1996 SL2 36mpg, driving very hard on the highway. Great car no problems.
As for the comment about being not as tough as a Toyota and you have to drive it gently, that's a joke. I would prefer a steel timing chain over a rubber belt any day of the week. 230K still running strong.
Maintain the American car you have now, rather than the Japanese car you buy when this one dies from no maintenance.
I had the same problem with my key. Apparently the metal the key is made out of is prone to wear faster, and subsequently will not sit right in the lock after so many years. Go to a GM dealer and bring your registration papers and photo ID, they will look up your exact key configuration and make you a new key. This is not the same as going to the hardware store and having a key made, as they only follow the grooves on the key you have, which is defective. The key you get from the dealer will be brand new. This will solve your problem.
I have had three Saturn SLs, all of which were excellent in terms of reliability and economy. A 1994 SL2, a 2002 SL1 and a 2001 SW2, which I currently drive.
All three were cheap to insure, cheap on fuel and cheap to maintain. Aside from regular maintenance (tires, alignments, oil changes, belts, spark plugs) these cars required very litle repair, even with 160,000 miles on them and 10 years old, the only thing that ever broke on my 1994 SL2 was the RPM gauge.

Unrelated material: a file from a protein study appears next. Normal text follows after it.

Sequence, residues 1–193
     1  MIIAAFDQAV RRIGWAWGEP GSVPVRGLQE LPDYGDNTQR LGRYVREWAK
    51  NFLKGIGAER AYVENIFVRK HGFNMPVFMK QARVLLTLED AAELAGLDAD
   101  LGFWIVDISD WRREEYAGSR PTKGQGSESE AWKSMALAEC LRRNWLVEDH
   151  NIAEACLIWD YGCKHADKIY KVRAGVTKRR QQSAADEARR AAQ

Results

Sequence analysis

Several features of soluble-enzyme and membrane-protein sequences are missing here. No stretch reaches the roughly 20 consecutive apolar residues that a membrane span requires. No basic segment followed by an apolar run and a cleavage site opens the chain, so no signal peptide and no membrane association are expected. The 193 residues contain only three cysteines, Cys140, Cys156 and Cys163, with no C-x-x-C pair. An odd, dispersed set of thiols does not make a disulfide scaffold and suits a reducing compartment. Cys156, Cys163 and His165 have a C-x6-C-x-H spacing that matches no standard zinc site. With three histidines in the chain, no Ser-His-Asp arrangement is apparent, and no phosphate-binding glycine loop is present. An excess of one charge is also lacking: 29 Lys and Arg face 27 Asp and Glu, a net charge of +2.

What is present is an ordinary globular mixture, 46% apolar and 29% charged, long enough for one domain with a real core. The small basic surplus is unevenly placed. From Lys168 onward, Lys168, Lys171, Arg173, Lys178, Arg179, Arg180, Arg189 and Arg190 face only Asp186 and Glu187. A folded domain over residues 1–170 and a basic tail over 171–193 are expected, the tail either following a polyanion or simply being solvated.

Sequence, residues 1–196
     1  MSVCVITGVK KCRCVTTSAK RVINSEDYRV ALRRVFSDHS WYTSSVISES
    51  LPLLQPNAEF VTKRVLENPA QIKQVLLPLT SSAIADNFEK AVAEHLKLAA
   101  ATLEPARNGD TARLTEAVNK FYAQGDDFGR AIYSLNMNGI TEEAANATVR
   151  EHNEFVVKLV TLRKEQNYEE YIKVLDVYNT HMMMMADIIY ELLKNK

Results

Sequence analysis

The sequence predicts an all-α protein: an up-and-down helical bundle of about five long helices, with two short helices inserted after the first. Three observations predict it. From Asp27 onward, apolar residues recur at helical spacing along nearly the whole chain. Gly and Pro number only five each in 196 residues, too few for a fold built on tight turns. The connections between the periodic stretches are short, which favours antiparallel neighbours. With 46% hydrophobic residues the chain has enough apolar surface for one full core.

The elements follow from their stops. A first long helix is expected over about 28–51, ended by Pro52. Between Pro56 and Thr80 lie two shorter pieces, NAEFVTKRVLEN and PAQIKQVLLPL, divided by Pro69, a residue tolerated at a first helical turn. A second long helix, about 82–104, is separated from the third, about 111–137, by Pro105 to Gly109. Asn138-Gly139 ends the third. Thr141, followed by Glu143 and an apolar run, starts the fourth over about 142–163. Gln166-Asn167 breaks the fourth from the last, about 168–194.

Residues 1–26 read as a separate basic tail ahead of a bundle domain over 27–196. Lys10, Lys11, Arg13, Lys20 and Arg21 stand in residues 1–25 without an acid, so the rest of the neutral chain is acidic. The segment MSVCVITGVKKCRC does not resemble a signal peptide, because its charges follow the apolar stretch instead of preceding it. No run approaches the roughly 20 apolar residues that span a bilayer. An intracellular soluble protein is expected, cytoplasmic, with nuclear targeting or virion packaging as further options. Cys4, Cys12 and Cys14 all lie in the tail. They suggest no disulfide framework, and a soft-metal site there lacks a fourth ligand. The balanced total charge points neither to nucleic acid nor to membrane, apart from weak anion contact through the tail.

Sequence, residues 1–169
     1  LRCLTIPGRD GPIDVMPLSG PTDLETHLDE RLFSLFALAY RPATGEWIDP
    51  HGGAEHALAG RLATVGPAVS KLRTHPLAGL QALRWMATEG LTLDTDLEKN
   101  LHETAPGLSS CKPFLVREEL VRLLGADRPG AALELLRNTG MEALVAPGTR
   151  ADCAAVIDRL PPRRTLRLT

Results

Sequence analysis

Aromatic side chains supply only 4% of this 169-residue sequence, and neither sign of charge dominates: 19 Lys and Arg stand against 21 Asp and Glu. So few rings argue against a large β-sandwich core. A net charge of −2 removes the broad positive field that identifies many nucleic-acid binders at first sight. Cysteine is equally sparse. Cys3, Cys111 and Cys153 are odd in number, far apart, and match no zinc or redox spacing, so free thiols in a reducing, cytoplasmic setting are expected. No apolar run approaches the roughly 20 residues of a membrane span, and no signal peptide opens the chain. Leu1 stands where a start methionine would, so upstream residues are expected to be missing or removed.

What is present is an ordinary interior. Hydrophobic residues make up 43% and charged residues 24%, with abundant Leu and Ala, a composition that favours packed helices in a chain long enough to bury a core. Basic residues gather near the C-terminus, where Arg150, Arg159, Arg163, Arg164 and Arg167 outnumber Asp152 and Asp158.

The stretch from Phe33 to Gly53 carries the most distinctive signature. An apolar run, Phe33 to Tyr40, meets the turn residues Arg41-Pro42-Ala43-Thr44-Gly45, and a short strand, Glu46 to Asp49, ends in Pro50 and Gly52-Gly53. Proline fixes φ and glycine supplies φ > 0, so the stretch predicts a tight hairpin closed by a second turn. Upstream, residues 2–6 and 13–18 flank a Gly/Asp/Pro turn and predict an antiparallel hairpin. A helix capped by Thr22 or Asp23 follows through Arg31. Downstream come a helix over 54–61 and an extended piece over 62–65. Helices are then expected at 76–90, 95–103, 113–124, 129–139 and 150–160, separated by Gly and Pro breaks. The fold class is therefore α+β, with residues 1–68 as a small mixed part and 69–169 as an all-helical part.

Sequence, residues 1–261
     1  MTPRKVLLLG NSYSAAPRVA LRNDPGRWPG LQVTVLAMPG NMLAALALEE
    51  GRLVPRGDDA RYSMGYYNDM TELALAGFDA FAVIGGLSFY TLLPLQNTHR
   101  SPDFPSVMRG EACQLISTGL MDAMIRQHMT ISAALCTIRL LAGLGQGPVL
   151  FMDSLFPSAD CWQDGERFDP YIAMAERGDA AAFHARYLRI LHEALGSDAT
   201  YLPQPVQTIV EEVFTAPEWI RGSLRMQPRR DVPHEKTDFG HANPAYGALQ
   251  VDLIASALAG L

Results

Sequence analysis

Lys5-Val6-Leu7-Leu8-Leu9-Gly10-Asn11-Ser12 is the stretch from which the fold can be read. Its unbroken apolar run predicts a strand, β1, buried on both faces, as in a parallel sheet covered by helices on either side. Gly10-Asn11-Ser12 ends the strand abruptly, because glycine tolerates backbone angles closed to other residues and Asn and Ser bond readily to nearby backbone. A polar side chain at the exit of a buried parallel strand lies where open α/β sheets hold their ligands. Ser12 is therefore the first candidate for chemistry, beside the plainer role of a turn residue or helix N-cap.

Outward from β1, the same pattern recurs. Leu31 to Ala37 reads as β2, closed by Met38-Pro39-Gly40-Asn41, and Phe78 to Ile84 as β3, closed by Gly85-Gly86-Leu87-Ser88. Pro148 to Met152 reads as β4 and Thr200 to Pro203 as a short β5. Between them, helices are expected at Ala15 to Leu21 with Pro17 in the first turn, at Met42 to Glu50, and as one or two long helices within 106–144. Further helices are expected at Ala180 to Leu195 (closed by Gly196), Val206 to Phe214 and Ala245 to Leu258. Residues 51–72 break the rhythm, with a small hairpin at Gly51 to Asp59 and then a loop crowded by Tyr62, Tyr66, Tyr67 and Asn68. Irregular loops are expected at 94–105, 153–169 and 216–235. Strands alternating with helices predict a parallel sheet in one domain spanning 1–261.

My 2002 had two batteries die (which I left broken) and a clogged fuel filter. My current SW2 required new control arms/ball joints in the front. Things in these cars did not wear out or break, even after 10 years of use.
Two things worth mentioning about these cars:
1. Get regular alignments, they are prone to eating the soft rubber in snow tires quickly when the alignment is out. Proper maintenance of suspension and alignment is critical to ensure long tire life and better fuel economy.
2. Check your oil every time you fill up, the engines by nature consume some oil. Ignore the oil level and you will kill the engine. If yours consumes more than 1/2 a quart in 300 miles, look for a new car.
So you bought a car with 68,000 miles on it and you want to blame the manufacturer for the engine blowing? Ever thought that the previous owner might have thrashed it?